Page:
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Fishing industry gets rare pat in latest marine report

Friday 25 October 2019

The Capital’s daily newspaper, The Dominion Post, and the online Stuff site last week carried a most unusual report concerning fishing.

The commercial fishing industry, routinely castigated as villains responsible for every ill in our oceans, actually received some praise.

The Dompost editorial had the headline: Ocean report is not all bad news.

It began: “There are small glimmers of hope in an otherwise melancholy new report about the state of our marine environment. Fishing, for example, is performing better than it used to.”

It noted in these dark times for the environment, any small threads of good news were worth reaching for.

The Our Marine Environment 2019 report produced by the Ministry for the Environment and Stats NZ warned of the serious effects of climate change and other issues on the unique life in our oceans and coastal seas.

The first marine report was issued in 2016 and an initial overall stocktake of air, freshwater, marine, atmosphere and climate, and land – Environment Aotearoa 2019 – was released earlier this year.

That report also reflected that most markers for the environmental performance of New Zealand’s seafood industry are improving.

It confirmed 97 percent of total wild catch landings had come from sustainable stocks.

The Dompost comment followed the launch of the latest marine report the previous day at the Te Kopahau visitor centre in Owhiro Bay on Wellington’s south coast on a stunning spring day.

The backdrop was the blue waters of Cook Strait ruffled by a light northerly, with the snowclad Seaward Kaikouras hovering in the distance to the south.

The centre sits on the western edge of the Taputeranga marine reserve, gateway to the Red Rocks fur seal colony.

It is an idyllic setting that belies the serious issues facing our coastal waters and deeper oceans.

Secretary for the Environment Vicky Robertson also acknowledged “there is good news” in the fishing sector, citing reductions in accidental captures and trawling.

The report said seabird bycatch has halved, to an estimated 4186 captures in the 2016-17 year, compared to around 8000 at the beginning of the century.

There had also been a decrease in sea lion bycatch with just three observed captures in the 2016-17 year, down from 12 in 2002-03.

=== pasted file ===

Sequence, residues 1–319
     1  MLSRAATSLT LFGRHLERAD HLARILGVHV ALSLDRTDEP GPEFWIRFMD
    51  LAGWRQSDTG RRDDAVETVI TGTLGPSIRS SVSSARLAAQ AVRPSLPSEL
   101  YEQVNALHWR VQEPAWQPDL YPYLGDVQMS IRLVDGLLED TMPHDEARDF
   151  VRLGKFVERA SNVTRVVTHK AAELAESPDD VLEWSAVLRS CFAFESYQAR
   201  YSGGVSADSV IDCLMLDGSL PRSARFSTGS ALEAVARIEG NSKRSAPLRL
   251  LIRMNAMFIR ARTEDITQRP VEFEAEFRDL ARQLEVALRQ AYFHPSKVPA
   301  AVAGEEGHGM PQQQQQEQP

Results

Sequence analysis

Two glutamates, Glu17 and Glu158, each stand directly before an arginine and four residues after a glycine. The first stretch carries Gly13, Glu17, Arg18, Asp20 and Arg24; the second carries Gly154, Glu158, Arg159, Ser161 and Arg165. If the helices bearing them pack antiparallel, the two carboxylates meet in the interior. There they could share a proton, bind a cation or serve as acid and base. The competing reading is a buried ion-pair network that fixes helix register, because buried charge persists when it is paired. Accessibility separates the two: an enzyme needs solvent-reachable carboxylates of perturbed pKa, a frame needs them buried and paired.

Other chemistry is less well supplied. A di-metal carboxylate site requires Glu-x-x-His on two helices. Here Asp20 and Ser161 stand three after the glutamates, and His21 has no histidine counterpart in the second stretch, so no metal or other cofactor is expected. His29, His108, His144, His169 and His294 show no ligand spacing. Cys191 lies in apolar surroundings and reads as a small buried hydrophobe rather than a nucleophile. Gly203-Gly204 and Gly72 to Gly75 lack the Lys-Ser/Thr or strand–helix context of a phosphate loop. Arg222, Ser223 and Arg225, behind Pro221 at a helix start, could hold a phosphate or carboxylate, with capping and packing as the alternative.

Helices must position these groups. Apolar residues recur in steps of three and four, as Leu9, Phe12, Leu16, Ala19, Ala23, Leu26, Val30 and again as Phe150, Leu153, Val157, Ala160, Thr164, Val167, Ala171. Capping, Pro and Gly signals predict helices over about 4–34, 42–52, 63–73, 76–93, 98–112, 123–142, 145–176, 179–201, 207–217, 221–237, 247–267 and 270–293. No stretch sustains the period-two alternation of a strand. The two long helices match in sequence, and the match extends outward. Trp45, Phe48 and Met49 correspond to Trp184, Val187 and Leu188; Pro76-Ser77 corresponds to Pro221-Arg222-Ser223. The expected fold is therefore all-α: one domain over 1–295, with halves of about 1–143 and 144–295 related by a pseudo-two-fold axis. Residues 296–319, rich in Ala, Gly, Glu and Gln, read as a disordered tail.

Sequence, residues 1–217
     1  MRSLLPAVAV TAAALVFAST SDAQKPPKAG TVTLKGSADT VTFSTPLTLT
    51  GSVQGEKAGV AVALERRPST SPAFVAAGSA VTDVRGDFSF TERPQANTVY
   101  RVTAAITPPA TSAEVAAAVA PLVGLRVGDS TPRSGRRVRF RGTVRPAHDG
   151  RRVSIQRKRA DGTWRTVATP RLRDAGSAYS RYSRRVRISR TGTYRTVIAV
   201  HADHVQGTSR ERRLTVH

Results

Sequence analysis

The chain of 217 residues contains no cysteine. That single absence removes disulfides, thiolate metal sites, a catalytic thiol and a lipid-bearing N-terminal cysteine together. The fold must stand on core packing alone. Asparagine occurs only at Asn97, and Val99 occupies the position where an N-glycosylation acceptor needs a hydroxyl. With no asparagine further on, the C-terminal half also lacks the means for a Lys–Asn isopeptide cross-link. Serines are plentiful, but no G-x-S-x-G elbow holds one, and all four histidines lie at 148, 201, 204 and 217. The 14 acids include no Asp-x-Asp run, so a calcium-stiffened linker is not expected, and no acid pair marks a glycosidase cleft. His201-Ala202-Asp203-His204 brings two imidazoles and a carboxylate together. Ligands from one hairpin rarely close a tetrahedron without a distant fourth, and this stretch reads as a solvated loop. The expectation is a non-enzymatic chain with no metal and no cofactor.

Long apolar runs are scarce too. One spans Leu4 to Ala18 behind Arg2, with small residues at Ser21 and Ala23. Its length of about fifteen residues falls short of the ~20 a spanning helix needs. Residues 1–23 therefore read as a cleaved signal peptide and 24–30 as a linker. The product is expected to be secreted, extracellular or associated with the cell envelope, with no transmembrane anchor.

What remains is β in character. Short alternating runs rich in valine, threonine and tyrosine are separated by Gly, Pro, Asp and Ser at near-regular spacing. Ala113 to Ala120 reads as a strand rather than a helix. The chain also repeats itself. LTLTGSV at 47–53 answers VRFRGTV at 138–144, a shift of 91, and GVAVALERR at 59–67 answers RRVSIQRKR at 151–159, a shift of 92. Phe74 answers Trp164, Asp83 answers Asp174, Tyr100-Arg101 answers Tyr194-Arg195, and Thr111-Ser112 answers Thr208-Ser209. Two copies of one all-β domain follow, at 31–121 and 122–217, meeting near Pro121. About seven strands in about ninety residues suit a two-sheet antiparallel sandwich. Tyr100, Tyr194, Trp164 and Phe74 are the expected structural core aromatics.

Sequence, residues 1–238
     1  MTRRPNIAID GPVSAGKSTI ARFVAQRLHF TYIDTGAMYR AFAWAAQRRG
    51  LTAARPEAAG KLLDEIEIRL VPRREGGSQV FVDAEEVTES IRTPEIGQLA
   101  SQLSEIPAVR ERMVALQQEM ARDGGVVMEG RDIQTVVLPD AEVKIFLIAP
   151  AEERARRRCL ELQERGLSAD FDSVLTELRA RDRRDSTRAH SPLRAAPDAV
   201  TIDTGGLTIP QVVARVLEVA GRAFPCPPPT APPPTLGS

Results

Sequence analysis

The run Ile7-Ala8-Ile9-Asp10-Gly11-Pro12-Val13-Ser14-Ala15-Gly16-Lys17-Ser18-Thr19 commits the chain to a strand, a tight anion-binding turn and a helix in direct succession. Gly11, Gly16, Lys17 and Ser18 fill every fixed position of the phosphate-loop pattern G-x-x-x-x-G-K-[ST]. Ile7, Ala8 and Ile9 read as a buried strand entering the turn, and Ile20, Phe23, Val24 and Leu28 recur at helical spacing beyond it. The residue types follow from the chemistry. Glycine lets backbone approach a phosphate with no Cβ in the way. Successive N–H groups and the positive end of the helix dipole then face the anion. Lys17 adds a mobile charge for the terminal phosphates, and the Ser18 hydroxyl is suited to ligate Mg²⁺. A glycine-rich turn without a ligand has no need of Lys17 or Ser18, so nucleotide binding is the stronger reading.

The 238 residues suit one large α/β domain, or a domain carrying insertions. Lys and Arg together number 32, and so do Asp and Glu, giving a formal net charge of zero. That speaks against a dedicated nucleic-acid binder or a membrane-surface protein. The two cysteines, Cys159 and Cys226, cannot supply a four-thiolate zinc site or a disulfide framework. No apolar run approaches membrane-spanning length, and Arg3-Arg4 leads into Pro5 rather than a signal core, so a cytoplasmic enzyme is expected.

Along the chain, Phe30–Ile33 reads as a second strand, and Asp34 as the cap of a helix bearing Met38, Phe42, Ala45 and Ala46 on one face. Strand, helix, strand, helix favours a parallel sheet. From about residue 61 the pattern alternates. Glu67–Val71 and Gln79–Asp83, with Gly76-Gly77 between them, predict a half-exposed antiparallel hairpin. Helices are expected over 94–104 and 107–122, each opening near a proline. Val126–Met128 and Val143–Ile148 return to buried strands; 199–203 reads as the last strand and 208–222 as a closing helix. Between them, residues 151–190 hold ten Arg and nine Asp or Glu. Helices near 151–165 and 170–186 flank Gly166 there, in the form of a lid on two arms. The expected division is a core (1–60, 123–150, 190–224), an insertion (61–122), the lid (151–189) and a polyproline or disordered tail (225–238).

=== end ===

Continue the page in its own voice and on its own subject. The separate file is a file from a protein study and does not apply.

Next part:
Similarly, Hector and Maui dolphin bycatch was reduced.

The last confirmed Maui dolphin death due to fishing activity was in 2002, although the report did not reflect that.

It did recognise that the bacterial disease toxoplasmosis, originating in cat faeces and carried to the sea through waterways, had been identified as a potentially serious threat to the dolphin populations.

Robertson said sedimentation was the issue consistent in every report the ministry had done.

For a country that relied so much on its soils, a lot more investigation was needed.

Porirua Harbour, a once rich food bowl now overflowing with sticky mud, was an example of the impacts of poor land use and protection.

An estimated 700,000 tonnes of sediment flows into the Kaipara Harbour every year.

It is the same story throughout the country’s coastal margins, the sediment smothering the inshore ecosystems largely coming from urban development and soil washed from pastures and from forestry after felling.

Ocean acidification, ocean warming and plastics pollution are among other pressing issues.

There is no denying commercial fishing has an impact on the marine environment, just as farming does on land, but concerted efforts are being made to mitigate that.

It is encouraging that the negative aspects of that footprint are decreasing.

More enlightened environmentalists recognise that and are partnering with industry on projects such as dolphin protection, camera trials, mussel reseeding, predator elimination, and seabird threat management plans.

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